Why the Austrians need a better understanding of Popper

Popper has a low profile among the Austrians, although Pete Boettke often uses the slogan “think like a Misean, write like a Popperian”.  The two Popperians with the best grip on economics are Larry Boland and Jack Birner but they do not get cited in the Austrian literature. Two of the younger Austrians wrote a long critique of scientism without a Popper cite. The attitude towards Popper among the strong Miseans like Gordon and Hoppe combines misrepresentation with something close to contempt.  On the other side, most of the Popperians tend to be social democrats and find little that is congenial among the “Austro libertarians”, though Hayek is a favorite it is not his economics that is admired.Popper and Mises had valuable lessons to learn from each other but did not do so. Mises could have learned from Popper that positivism and empiricism do not work in the natural sciences and so he did not need to reject the (valid) methods of the natural sciences in favour of strong a priorism.

Popper could have learned that his suspicion of “economic power” was unfounded. He asserted a role for the state to control monopolies and to counter unemployment. Mises could have explained that monopolies in an open market can only exploit their situation with the help of the state, and mass unemployment is a result of state intervention or failure to maintain an open market for labour.

It is likely that the Austrian elements of good economics will struggle to gain general consent in the academic community until something is done about the philosophical climate, in particular the climate perpetuated by academic philosophy courses and the introductory texts that are written for general consumption.

To follow some of the debates in the Austrian community, check out the blog Coordination Problem which until recently was called The Austrian Economists.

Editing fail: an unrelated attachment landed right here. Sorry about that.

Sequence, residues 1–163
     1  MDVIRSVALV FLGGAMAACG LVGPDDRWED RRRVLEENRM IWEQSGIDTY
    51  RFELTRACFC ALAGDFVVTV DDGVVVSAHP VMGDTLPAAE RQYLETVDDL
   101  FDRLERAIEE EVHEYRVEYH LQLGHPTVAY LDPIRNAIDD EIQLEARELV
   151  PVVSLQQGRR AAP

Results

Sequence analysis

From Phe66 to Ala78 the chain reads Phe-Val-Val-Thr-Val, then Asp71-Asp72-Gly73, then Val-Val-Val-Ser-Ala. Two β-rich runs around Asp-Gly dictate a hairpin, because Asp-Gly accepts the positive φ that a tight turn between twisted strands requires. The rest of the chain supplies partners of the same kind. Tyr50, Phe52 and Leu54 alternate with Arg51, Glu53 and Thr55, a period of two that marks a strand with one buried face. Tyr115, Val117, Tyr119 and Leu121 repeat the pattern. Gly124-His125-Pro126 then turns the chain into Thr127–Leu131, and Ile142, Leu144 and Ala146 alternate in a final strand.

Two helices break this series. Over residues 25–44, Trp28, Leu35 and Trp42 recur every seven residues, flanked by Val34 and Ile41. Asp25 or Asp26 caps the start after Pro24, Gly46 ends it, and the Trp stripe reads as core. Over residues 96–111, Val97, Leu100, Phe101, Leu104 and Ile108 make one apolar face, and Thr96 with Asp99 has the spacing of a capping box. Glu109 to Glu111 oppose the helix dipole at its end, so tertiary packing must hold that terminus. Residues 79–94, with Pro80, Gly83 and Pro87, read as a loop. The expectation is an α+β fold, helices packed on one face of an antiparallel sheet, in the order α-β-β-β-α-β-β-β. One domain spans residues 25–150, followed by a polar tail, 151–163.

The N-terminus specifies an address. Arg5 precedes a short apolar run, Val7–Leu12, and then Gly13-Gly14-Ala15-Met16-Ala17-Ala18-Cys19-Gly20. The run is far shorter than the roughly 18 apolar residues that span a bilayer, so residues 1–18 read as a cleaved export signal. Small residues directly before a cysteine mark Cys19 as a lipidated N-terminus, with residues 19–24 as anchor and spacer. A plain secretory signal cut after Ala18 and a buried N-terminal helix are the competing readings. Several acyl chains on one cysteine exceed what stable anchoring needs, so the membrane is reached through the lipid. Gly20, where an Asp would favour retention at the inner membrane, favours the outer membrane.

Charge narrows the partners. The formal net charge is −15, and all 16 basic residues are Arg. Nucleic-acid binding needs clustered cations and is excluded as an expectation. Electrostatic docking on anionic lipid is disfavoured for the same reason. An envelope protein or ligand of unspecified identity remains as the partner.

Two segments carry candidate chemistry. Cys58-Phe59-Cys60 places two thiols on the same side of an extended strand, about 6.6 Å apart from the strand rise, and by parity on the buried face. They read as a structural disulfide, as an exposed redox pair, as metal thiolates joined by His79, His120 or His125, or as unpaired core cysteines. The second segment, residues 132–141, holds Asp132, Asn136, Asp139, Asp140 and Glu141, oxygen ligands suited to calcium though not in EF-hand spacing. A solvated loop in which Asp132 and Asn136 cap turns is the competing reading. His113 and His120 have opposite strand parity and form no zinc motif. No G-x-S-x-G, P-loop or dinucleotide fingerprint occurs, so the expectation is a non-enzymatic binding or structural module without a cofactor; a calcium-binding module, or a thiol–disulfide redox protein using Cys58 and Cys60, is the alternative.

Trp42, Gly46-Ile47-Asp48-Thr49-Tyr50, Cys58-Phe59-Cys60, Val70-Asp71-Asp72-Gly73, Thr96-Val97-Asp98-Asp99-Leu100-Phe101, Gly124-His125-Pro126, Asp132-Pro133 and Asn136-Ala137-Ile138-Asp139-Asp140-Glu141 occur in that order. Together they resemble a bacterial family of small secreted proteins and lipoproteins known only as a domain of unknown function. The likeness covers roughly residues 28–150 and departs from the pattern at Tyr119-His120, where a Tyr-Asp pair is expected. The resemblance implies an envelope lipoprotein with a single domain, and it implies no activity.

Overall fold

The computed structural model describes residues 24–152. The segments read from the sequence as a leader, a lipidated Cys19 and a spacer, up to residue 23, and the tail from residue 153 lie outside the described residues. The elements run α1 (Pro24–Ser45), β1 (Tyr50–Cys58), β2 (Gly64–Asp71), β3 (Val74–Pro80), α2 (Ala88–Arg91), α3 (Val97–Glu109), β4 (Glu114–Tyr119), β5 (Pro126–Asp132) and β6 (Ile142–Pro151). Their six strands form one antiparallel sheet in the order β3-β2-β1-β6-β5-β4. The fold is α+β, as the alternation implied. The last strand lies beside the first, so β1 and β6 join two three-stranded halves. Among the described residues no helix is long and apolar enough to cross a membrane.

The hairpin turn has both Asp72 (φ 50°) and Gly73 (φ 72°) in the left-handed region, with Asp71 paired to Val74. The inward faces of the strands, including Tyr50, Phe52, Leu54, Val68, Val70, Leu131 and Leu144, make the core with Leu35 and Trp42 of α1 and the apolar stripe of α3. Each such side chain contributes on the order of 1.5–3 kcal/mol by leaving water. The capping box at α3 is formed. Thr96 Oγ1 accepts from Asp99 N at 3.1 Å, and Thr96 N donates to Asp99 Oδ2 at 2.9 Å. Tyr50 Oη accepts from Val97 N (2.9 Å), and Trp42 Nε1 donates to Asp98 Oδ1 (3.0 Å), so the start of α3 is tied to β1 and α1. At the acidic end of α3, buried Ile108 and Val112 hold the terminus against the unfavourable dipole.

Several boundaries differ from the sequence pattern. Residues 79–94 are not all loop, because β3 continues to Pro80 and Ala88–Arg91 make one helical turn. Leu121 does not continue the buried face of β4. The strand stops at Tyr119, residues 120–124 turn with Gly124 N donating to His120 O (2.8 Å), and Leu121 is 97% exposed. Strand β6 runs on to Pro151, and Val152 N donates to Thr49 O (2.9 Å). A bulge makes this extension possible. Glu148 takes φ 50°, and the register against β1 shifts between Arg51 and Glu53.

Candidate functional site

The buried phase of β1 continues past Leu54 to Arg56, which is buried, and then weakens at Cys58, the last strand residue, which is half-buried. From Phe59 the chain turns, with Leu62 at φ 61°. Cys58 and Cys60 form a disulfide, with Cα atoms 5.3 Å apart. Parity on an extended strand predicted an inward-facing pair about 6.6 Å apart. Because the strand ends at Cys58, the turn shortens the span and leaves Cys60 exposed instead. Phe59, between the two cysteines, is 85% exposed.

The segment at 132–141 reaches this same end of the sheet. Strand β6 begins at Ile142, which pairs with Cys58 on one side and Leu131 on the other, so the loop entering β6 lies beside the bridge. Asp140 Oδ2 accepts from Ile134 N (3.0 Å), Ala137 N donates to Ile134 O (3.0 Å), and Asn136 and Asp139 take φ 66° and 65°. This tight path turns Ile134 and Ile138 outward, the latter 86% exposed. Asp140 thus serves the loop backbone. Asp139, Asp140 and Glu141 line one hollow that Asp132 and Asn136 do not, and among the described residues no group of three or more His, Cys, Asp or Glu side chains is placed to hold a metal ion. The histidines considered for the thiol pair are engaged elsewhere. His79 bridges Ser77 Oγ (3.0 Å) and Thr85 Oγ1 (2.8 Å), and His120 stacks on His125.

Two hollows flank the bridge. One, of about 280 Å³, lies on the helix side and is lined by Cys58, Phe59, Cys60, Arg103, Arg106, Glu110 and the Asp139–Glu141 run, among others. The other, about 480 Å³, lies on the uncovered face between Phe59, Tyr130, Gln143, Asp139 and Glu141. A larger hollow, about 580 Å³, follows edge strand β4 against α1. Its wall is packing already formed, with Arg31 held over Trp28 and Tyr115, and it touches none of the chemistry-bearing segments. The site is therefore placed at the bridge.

Not all of my contributi0ns are appreciated. This is a recent exchange in a long thread on the current relevance of The Road to Serfdom.

I suppose it would be a shame to undermine sales of Serfdom by telling people that the condensed version is on line. There is also a cartoon edition on line. 

In some ways Popper’s Open Society is a deeper and more important book, and it is a shame that Readers Digest did not condense that 800 page tome as well. As a community service I have rectified that situation. It is interesting to see that Chapter 23 is a critique of the sociology of knowledge and central planning as well.

The sociology of knowledge.http://www.the-rathouse.com/OpenSocietyOnLIne/Chapter-23-Sociology-of-Knowledge.html

Popper’s critique of the Platonic concept of justice can be read as a companion to Hayek’s critique of social justice which is another avenue of advancing on the road to serfdom under cover of justice. Again it is not a matter of concentration camps and midnight murders just the slow and steady shift from equalitarian justice to a program of (racist) affirmative action and redistribution.


Posted by: Rafe Champion | July 23, 2010 at 08:06 PM

With ‘deep thinkers’ like Rafe Champion on hand who has any need for hacks like Beck and Limbaugh.

I’m off to the Mises blog.

Posted by: Nasty | July 23, 2010 at 10:18 PM

Please give my best regards to Hans-Hermann Hoppe:)

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